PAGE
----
A post-mortem about the recently concluded P5+1 nuclear talks with Iran in The New York Times made a false equivalence between the two sides.

In the end, both were constrained by hard-line politics at home. Mr. Zarif, while friendly, outgoing and Westernized, had pushed to the very limits of his brief; he often warned that the final decision would be in the hands of the supreme leader, Ayatollah Ali Khamenei. And Ayatollah Khamenei, American intelligence officials had told President Obama and Mr. Kerry, was heavily influenced by the Revolutionary Guard Corps and his own distrust of the Americans.

For his part, Mr. Kerry’s position was complicated by the Republican midterm election victory and the fear of feeding the narrative that Mr. Obama was a weakened president. The bipartisan talk in Congress about new sanctions hung over the American negotiating team. And so did Israel’s constant warnings that Mr. Obama was at risk of being duped. If Israel condemned any outcome as a bad deal, the label could stick in Congress.

This equivalence is outrageous. Is Congressional opposition to the deal really the parallel the intransigence of Khamenei and the IRGC? Consider the following report from the Wall Street Journal last week (Google link):

U.S. diplomats began negotiations last year by proposing the dismantlement of most of Iran’s infrastructure used to produce nuclear fuel through the enrichment of uranium, including at an underground facility called Fordow.

They also said they intended to shut Iran’s heavy-water reactor in the city of Arak, which can be used to produce weapons-grade plutonium, and limit Tehran’s ballistic-missile program.

A year later, U.S. officials have acknowledged that Iran will be allowed to maintain a uranium-enrichment capability as part of any deal, and that demands to close Arak and scale back Iran’s missile program have been taken off the table.

These concessions are significant. A heavy water reactor that produces plutonium has no purpose in a non-military nuclear program. The isotopes Iran claims to want for research would also be created by a light water reactor, which does not produce plutonium, an ingredient for a nuclear bomb. A peaceful nuclear program also has no need for ballistic missiles, which are the means to deliver a nuclear warhead. In other words, on two elements that show that Iran’s claims of a peaceful nuclear program  are false, the United States has given in.

Several points emerge from this.

1) The United States (leading the P5+1) has conceded several major points to Iran. Iran has conceded nothing.This has been the dynamic of the nuclear negotiations. The United States conceded and Iran says not enough. Even The Washington Post, which supported President Obama twice as well as the current negotiations with Iran, noted in an editorial that concessions have only gone one way.

2) Iran insists that it has rights to an enrichment program. As I wrote earlier this week, according to the Nuclear Nonproliferation Treaty (NPT), it has rights to nuclear power for peaceful purposes. But the elements of Iran’s program that it has refused concede are precisely those (as well as its fictitious right to enrich uranium with no limits) elements that suggest that its program is military, not peaceful.

3) Though much of the media spin is that the negotiations were a failure, that’s not how they’re viewed in Tehran. Iran’s leadership considers the extension a victory, because it, so far, preserves all the building blocks of its military nuclear program. That is Iran’s goal. Michael Ledeen wrote, “Khamenei does not want a deal with the United States.” And America keeps paying him with sanctions relief – at least another $700 million a month over the next seven months – for not making a deal.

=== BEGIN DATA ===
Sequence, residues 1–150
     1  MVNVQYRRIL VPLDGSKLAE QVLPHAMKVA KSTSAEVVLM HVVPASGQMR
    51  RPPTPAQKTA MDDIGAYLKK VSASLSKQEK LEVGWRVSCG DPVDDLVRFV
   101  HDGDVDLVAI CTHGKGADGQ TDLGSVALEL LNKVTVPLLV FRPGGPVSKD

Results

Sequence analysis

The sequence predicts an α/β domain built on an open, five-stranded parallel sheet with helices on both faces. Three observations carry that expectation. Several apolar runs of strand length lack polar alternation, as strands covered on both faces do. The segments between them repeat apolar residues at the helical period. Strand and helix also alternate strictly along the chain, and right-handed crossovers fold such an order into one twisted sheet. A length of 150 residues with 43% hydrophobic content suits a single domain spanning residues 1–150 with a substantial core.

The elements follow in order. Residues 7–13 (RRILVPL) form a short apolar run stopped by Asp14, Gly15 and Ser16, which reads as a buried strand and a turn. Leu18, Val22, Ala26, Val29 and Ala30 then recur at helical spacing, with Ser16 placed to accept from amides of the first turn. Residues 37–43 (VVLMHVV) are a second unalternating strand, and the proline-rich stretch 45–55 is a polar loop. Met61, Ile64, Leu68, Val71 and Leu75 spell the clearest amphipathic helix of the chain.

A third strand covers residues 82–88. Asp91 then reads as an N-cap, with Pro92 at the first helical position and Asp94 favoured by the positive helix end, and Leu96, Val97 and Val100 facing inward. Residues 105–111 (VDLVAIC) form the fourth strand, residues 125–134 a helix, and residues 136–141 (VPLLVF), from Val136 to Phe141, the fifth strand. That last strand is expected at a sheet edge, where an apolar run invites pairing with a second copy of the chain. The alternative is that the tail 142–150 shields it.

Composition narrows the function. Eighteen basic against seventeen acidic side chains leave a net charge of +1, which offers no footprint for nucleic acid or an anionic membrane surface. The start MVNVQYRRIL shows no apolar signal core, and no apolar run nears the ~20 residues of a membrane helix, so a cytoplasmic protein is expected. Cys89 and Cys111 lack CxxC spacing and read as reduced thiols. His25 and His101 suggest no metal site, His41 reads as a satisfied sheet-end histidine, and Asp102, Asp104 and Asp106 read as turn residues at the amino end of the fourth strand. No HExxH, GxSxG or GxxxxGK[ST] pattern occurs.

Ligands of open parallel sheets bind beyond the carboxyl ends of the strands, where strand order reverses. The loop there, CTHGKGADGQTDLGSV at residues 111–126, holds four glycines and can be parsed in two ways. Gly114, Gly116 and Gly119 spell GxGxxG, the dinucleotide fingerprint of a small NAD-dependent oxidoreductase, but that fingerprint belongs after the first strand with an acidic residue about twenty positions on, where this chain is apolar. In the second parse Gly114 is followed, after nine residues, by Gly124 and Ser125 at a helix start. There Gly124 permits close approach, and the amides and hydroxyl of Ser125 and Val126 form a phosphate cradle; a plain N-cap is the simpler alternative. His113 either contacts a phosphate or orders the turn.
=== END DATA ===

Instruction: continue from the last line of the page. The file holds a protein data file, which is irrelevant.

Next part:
The West, led by the United States has, in fact, compromised. So to charge that Kerry couldn’t make a deal because of hardliners in Congress is misleading, if not absolutely false. Maybe Congress will limit how much Kerry will concede in the future, but Iran never compromised on anything substantive. The failure to achieve a deal is solely the result of hardliners in Tehran, who have not compromised and seek victory not accommodation. To write that both Kerry and Zarif are constrained by hardliners may sound good and may provide some useful political cover for the administration that’s been fleeced by a dangerous adversary, but it’s simply not correct.

The perversity of this equivalence is aggravated by the missing context. Iran has been able to keep its nuclear program mostly intact, in violation of six UN Security Council resolutions and refuses to concede on any of these. Somehow, to The New York Times, that’s comparable to Congress wanting to enforce international law by imposing sanctions on a rogue regime.

It’s also interesting to recall what President Obama said in his State of the Union address in January.

If Iran’s leaders do not seize this opportunity, then I will be the first to call for more sanctions, and stand ready to exercise all options to make sure Iran does not build a nuclear weapon. But if Iran’s leaders do seize the chance, then Iran could take an important step to rejoin the community of nations, and we will have resolved one of the leading security challenges of our time without the risks of war.

Well Iran’s leaders have not seized the opportunity and Secretary of State John Kerry is saying (pathetically) that “the United States and our partners have earned the benefit of the doubt at this point.” No, Mr. Secretary, you have earned nothing, Iran has rebuffed the United States and the international community, and been rewarded for it. Show that you’re serious about negotiating and hold President Obama to his word to call for more sanctions.

[Photo: David Stanley / Flickr ]